Dark matter remains one of the biggest puzzles in current science. The first clues pointing to its existence appeared as early as the 1930s, but were not enthusiastically received by the scientific community. It wasn’t until observations made 50 years later that the term “dark matter” became a permanent fixture in physics textbooks.
“This galaxy weighs too little”. 85 percent of the entire mass of the Universe is dark matter 
American astronomer Vera Rubin began observing the Andromeda Galaxy in 1970. She quickly concluded that, with its rotation, most of the stars far from the center should be free to fly off into space. However, the stars remained in place, indicating that the gravitational forces must be much greater than estimated. Where was the mass hiding that was generating them?
In her calculations, Rubin showed the mass that was invisible to scientists must be 5–10 times more than what could be observed.  In the following years, many astronomers confirmed the observational results by various methods. However, no one was capable of registering dark matter directly, even though observations of the distribution of objects in galaxies made it possible to determine the points in space where clusters of dark matter should be located. This gave rise to a hypothesis defining the fundamental characteristic of dark matter – the unknown particles that make it up interact with observable matter only at the gravitational level.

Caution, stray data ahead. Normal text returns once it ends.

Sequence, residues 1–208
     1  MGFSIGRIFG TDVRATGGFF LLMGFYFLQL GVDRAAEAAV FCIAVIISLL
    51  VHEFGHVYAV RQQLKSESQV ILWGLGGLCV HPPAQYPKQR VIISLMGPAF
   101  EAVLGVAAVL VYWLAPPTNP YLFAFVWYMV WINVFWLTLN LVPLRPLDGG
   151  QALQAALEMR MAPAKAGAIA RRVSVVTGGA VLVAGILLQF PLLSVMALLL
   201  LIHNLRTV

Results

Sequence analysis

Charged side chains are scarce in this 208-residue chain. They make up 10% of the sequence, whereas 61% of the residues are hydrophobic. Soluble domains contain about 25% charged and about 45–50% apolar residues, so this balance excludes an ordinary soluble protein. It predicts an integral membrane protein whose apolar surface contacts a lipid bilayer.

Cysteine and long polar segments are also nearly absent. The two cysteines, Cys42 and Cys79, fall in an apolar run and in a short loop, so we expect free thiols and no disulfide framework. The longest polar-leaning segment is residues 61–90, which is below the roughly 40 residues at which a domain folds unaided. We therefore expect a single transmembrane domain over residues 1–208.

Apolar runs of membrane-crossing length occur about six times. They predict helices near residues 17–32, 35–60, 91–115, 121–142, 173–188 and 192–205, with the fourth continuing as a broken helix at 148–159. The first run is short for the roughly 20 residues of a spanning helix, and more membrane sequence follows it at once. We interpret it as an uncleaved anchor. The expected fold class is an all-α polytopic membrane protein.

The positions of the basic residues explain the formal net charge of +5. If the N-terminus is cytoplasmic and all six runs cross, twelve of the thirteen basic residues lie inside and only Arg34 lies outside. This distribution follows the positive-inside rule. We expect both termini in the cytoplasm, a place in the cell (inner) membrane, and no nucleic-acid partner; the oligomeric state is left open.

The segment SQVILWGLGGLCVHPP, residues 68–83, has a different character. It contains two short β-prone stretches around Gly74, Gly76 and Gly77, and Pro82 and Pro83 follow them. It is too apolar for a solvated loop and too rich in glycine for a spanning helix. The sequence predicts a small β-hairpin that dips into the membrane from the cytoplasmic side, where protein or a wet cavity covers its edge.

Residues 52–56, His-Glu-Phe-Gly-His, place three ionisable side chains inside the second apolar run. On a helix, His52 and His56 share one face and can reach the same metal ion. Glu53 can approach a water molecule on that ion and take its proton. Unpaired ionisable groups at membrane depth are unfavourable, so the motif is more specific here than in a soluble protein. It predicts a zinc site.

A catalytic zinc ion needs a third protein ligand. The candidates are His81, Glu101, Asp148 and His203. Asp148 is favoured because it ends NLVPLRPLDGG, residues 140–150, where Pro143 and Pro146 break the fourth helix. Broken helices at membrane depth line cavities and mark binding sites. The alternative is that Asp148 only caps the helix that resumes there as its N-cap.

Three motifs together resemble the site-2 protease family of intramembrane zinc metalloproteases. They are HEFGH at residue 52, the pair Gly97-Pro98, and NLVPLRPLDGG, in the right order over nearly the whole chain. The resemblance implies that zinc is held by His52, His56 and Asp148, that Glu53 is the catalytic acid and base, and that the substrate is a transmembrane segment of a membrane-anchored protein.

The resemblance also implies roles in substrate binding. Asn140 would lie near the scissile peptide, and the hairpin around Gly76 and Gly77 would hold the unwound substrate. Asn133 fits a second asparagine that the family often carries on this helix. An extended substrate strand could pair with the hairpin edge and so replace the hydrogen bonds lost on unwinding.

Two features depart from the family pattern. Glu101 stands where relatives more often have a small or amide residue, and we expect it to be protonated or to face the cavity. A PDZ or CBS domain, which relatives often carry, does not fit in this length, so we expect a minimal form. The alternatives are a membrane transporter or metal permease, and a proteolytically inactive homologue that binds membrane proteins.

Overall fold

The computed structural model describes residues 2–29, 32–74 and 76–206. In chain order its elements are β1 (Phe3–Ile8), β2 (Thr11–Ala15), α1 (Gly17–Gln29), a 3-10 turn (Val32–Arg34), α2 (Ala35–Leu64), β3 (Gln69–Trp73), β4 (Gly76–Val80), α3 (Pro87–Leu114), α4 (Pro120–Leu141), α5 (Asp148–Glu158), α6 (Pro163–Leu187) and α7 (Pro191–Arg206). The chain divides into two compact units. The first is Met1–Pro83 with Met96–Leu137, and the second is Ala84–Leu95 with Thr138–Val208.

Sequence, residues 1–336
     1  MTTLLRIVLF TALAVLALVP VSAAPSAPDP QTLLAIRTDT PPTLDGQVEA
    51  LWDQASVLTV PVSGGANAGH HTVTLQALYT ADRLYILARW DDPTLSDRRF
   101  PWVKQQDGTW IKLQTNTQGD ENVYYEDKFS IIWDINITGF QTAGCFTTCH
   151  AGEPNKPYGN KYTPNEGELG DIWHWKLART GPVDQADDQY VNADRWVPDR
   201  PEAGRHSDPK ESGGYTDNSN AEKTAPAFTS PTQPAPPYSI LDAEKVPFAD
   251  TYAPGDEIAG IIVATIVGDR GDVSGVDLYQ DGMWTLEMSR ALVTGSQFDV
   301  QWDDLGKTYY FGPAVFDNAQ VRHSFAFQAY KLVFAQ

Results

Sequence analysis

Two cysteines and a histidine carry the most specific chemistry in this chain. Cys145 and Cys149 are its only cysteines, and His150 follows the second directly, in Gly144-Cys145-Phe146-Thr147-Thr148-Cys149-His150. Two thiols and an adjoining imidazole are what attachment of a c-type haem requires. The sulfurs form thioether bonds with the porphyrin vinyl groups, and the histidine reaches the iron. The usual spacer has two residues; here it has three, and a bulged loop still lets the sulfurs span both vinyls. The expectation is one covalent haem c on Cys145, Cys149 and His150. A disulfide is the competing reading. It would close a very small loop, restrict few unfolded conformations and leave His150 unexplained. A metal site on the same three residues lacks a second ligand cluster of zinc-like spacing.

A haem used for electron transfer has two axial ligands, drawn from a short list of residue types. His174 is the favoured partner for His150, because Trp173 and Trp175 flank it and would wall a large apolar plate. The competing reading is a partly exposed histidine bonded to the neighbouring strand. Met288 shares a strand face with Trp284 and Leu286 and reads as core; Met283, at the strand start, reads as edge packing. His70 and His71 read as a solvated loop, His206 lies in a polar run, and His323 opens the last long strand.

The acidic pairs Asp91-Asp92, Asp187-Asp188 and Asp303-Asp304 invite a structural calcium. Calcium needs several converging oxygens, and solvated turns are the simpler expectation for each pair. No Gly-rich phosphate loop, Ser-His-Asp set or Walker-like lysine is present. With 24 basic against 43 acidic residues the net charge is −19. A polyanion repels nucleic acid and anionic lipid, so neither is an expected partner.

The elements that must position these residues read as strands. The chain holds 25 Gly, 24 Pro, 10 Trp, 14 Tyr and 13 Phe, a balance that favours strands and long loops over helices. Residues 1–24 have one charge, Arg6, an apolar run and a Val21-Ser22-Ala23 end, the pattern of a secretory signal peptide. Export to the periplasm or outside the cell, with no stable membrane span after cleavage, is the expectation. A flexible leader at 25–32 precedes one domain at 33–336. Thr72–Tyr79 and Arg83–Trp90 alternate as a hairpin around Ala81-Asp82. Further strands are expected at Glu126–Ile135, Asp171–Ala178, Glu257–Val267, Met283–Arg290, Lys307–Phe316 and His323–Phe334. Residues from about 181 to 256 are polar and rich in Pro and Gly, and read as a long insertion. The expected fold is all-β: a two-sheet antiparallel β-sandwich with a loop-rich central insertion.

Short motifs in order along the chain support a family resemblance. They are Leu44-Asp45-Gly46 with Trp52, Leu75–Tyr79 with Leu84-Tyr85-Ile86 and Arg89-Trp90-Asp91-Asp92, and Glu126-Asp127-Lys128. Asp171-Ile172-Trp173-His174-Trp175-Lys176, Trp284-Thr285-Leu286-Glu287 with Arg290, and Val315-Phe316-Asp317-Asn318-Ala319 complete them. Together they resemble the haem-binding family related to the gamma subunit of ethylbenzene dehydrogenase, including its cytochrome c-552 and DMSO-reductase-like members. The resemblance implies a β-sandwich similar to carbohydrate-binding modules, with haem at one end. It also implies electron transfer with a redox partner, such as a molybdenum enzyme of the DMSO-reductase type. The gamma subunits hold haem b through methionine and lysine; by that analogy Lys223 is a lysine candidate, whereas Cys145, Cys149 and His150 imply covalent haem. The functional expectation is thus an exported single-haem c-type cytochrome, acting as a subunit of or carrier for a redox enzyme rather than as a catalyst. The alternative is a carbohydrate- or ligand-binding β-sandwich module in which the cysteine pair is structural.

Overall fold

Although several detectors of dark matter particles have been built on Earth, it has so far been unobserved. The main candidates are the group of WIMPs or Weakly Interacting Massive Particles (WIMPs). However, many researchers are focusing on indirect methods of dark matter detection and investigating new ways to detect its presence. One proposal that has been around for 20 years is the interaction of WIMPs with neutrinos – other extremely difficult particles to observe, but which scientists have become much more familiar with.
Neutrinos – the key to understanding dark matter?
An international team of researchers decided to challenge the assumptions of this very method anew. One of them was Dr Sebastian Trojanowski from the international research agency AstroCeNT, CAMK PAN and the Department of Theoretical Physics at NCBJ. 
The results, in the form of an article, are available in full online  but an in-depth knowledge of particle physics is required to understand them. Fortunately, in a communication that appeared on the National Centre for Nuclear Research website, the author himself intelligibly explains what the team’s work consisted of.
The theoretical models of the sought-after dark matter particles most closely resemble neutrinos. In the early years of research in this matter, there was even a view that neutrinos produced at initial stages in the evolution of the Universe were responsible for the observed deviations. Current theories reject this possibility, but both neutrinos and the remnants of the Big Bang may prove crucial to understanding the mystery of dark matter.